Betty Wallace

   Betty (Steele) Wallace grew up on a ranch near Lake City, Colorado and spent her life in Hinsdale and Gunnison Counties, working as a newspaper reporter, clerk of the County Court, teacher and local historian. Being only one generation removed from the area’s pioneers, she understood what it took to build the country, both in terms of the effort and skills involved and the nature of the people. She witnessed first-hand the results chronicled in “Gunnison Country” and “History With The Hide Off”.

   As a reporter, columnist and pro-tem editor, she recognized the value of preserving the tales of the area and scoured newspapers’ ‘morgues’ for the views of the day. She interviewed the older generation – the original pioneers and their children – capturing life “straight from the horse’s mouth”, gleaning stories with the immediacy of youthful first-person memories tempered by the reflections that age provides.

   Teaching came naturally to her because of her conviction that life and its lessons were meant to be shared and cherished. She also knew that one’s station in life was unimportant – rich or poor, white, black, Mexican or Indian – “A man’s a man for a’ that”. She never distinguished between the coal-miner and the college professor, the Governor and the janitor (and she knew one Colorado governor quite well – and one of her many jobs was janitor of the County Court House). What mattered was one’s vision, one’s willingness to work toward realizing that vision and how one coped with adversity and treated others.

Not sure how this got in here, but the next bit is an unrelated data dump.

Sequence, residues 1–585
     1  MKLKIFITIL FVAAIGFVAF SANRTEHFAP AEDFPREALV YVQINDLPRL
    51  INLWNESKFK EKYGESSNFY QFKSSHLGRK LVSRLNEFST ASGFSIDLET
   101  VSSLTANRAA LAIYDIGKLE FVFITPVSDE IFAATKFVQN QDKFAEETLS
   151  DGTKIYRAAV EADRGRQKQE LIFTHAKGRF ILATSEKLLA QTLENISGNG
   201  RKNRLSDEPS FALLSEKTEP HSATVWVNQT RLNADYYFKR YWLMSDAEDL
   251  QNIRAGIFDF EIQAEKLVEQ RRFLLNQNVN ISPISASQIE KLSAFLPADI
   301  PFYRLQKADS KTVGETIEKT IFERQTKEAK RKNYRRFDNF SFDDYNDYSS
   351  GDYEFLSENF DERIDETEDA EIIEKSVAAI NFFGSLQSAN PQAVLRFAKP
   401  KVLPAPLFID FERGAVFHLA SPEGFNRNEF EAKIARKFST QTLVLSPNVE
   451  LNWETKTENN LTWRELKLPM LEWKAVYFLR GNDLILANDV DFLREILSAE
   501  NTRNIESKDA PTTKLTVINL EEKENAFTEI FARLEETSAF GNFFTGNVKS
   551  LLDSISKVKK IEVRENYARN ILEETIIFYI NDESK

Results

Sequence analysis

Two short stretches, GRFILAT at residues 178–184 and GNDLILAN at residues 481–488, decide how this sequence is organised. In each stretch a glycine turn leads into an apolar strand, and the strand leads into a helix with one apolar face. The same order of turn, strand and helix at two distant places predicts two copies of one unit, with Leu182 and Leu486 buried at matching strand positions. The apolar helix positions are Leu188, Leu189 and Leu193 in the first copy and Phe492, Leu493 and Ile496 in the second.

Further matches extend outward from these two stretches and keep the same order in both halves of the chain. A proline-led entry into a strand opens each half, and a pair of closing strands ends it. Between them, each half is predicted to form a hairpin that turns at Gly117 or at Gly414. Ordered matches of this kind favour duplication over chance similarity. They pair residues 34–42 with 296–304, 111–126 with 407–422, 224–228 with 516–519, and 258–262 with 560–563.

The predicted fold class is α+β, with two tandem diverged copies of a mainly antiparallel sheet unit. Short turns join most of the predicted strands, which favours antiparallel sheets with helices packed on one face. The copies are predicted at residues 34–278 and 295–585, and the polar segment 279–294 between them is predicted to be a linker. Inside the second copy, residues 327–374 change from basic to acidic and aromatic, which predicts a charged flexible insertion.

The pioneer life always emphasized certain character traits: Courage – because there were many risks to life and limb on the frontier; Honesty – because in an unorganized pre-legal world people had to be able to depend on one another; and Industry – it took too much hard work for laziness to be tolerated.

   Those who peopled and established the Gunnison Country are representative in attitude and values of many who settled much of the country, from Colonial times to the early 20th century, and those attitudes and values are still found in many places.

   Betty Wallace’s writing documents something uniquely American and pays homage to it, capturing the optimism and illusions, the victories and defeats, the glory and the bathos – and the raw sense of humor of the frontier.

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